Texas is unique from other states in many ways. In economic development, this distinction is most evident in incentives. In contrast to other states, the majority of incentives are offered at the local level rather than the state level. The following is an overview of economic development incentives and the local incentive programs offered in Schertz.


According to the International Economic Development Council, “Incentives are tools used to influence business decisions about where new investment will take place . . . incentives can be either financial or non-financial, such as a tax exemptions and credits or workforce training and public infrastructure improvements.” For businesses, incentives are important because they reduce costs associated with expansion, relocation, and startup or operational costs. The value of an incentive is unique to each project and based on the overall value to the community. The amount of incentives offered is determined by the taxing entity providing the incentive. Lastly, because incentives are tools that influence business decisions, a company must secure incentives prior to making the commitment to locate in a specific community.


In May 2017 the City of Schertz and SEDC approved the Schertz Incentive Policy. This policy acts as a guide and helps ensure consistency when providing incentives within the City of Schertz. The Schertz Incentive Policy has three major programs: The Assistance Center, SEDC Performance Agreements, and Chapter 380 Incentives.

(1) The Assistance Center – Knowledge is power and time is money. With this in mind, the SEDC and City of Schertz have created the Assistance Center, a series of resources to help businesses learn about the San Antonio-Austin market, find available Schertz properties, receive City development process assistance, locate information on applicable tax exemptions, and connect to regional partners that have targeted skillsets that can help your company.

(2) SEDC Performance Agreements – Most incentives within the City of Schertz come from the SEDC. All SEDC incentives must be tied back to what the Texas Local Government Code Chapters 501 Subchapter C and 505 Subchapter D authorizes as a qualified project. The SEDC has specifically targeted projects that create/retain Primary Jobs and infrastructure improvements. SEDC incentives can take the form of a cash grant, annual reimbursement, or a loan.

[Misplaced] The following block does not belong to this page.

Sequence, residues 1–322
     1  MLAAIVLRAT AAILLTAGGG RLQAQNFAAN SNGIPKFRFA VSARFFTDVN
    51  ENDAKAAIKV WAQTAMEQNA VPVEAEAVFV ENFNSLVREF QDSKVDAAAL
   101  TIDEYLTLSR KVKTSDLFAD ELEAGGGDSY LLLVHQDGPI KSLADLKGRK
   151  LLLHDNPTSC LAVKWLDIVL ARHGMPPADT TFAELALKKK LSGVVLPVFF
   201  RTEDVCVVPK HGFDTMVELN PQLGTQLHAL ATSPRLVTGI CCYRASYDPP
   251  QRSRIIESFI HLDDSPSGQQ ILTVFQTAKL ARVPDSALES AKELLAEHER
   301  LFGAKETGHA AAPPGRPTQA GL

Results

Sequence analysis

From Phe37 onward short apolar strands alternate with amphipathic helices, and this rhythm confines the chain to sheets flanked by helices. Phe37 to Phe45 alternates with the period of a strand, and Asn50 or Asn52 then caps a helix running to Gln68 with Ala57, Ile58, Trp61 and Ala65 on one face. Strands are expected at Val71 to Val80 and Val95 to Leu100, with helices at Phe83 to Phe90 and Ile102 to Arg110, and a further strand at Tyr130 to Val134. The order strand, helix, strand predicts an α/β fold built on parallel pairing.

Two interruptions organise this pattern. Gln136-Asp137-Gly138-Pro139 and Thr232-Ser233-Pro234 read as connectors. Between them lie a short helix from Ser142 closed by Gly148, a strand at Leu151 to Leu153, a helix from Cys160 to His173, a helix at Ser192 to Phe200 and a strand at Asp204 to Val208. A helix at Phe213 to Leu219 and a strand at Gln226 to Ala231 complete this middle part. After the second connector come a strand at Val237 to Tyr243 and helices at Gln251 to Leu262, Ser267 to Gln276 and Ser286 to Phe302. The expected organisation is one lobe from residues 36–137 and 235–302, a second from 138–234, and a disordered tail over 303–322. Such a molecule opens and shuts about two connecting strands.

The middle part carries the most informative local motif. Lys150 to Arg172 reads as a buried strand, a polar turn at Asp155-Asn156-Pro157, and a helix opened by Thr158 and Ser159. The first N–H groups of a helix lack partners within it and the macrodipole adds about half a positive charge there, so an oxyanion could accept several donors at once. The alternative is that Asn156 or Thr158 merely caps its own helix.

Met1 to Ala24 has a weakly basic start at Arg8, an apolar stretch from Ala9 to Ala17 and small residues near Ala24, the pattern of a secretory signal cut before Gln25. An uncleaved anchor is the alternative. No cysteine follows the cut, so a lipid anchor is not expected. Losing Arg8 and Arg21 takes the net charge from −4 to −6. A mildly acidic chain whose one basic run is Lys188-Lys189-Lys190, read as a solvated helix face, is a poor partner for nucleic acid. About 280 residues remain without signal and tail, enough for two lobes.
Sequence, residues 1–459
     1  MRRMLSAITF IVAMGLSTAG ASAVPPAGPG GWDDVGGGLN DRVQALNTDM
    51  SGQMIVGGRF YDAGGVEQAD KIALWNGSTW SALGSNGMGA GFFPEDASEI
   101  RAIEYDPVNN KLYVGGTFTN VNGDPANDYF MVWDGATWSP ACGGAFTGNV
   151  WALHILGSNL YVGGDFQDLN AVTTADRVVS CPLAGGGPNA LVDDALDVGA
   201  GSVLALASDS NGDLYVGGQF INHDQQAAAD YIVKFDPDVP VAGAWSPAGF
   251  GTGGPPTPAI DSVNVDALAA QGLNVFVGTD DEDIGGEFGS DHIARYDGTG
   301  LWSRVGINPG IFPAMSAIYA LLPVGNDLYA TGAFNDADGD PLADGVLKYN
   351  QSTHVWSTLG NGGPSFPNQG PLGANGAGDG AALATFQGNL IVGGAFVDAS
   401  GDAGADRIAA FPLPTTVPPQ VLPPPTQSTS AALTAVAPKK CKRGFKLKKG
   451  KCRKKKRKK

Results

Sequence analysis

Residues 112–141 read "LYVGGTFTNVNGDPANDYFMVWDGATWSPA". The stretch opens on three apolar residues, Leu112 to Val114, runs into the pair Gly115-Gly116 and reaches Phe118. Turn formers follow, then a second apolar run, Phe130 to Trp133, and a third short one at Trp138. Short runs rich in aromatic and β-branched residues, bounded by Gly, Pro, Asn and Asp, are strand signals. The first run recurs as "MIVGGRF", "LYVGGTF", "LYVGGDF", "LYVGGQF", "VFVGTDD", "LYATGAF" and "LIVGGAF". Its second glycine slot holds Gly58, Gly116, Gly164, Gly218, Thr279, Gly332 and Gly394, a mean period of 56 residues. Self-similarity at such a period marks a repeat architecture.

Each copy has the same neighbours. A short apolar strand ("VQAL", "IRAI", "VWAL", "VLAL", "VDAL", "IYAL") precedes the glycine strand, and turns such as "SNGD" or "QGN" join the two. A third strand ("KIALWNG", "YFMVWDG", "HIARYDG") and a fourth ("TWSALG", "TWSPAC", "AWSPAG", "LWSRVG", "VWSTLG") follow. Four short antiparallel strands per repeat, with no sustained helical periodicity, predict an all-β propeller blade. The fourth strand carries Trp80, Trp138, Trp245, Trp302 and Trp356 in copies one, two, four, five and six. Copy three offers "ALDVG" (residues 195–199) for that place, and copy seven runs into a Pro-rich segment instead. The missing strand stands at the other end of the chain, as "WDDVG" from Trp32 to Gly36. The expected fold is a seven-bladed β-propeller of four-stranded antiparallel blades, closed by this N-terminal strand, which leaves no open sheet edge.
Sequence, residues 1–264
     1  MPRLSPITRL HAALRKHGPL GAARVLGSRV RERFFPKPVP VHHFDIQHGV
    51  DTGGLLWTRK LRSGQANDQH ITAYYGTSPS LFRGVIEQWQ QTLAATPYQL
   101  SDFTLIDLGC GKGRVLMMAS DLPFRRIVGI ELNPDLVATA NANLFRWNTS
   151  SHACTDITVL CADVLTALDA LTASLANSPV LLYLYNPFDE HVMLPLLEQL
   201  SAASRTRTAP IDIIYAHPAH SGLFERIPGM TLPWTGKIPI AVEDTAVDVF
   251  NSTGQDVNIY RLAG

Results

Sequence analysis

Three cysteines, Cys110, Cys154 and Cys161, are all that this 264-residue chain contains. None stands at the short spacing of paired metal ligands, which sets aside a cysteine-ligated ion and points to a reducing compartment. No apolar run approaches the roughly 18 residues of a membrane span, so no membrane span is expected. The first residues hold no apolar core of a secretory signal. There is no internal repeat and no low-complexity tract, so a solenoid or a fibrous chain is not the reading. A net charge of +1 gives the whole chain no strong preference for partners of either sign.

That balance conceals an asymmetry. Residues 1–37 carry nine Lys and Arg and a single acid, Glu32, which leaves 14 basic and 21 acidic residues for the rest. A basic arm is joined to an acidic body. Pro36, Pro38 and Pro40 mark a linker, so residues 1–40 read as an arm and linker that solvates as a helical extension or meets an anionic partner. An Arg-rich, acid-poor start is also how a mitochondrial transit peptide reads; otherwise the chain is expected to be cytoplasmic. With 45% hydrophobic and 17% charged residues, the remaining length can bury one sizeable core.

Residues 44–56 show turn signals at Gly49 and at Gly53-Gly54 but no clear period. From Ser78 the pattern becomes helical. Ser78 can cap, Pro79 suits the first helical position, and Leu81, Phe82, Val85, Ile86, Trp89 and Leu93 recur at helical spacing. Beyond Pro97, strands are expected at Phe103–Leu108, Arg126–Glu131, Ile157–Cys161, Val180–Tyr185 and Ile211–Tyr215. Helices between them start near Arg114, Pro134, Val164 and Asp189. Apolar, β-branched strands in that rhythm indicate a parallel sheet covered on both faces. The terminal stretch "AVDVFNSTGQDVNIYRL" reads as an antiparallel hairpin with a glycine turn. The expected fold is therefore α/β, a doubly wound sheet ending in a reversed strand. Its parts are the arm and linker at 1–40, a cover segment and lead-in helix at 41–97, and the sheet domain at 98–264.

All SEDC incentives must be formalized though a performance agreement and approved by the SEDC Board of Directors and City Council. Under a performance agreement, companies must commit to additional payroll or jobs and a capital investment. Additionally, performance agreements include ‘clawback’ provisions which outline the terms of repayment if a company does not meet its performance requirements.

Although the specific amount of an incentive varies by project, the Schertz Incentive Policy provides additional consideration for existing Schertz businesses, small businesses, and those that make a significant investment within Schertz.

(3) Chapter 380 Agreements – In addition to incentives from the SEDC, the City of Schertz offers incentives to companies that (a) create over $100 million in new taxable value and/or (b) generate retail sales in excess of $35 million each year and are subject to local tax collection. Texas Local Government Code Chapter 380 authorizes cities (including Schertz) to provide loans and grants of city funds, as well as the use of City staff, city facilities or city services, at minimal or no charge. All City incentives must be formalized though an Economic Development Incentive Agreement and approved by the City Council.


The City of Schertz is located within three different counties: Guadalupe, Comal, and Bexar. Each of these counties have distinct incentive programs that must be authorized by their respective County Commissioners Court. The SEDC helps companies navigate each county’s specific incentive programs.  County incentive programs fall under two major program types: Chapter 381 incentives and Chapter 312 Tax Abatement.

(1) Chapter 381 Agreements – Authorized under Texas Local Government Code Chapter 381, this incentive allows counties to make loans or grants of public money to promote economic development and stimulate, encourage, and develop business locations and commercial activity within the county. Counties may require that a company create a specified number of jobs, pay a specified wage, or meet a minimum capital investment threshold. All Chapter 381 Agreements must be formalized through an agreement and authorized by the county’s Commissioners Court.

(2) Chapter 312 Tax Abatement – Authorized under Texas Tax Code Chapter 312, this incentive allows local governments to exempt all or part of a the increased tax value of real property and/or tangible personal property for a period not to exceed 10 years. Each taxing district has distinct guidelines and criteria for creating a reinvestment zone and authoring a Chapter 312 Tax Abatement. All Chapter 312 Tax Abatements must be formalized through a Tax Abatement Agreement and approved by the local taxing district.


Schools in Texas typically do not participate with incentives; however, Chapter 313 of the Texas Tax Code is a rare exception. Only projects with at least $100 million in qualifying investment may apply for a Chapter 313 incentive.


We aren’t done covering our incentive landscape! Look for our next blog post where we will explore the most common state level incentives like the Texas Enterprise Fund and Skills Development Fund!

If you are interested in having a more in-depth conversation about which incentives are available for your business, contact our office at (210) 619-1070.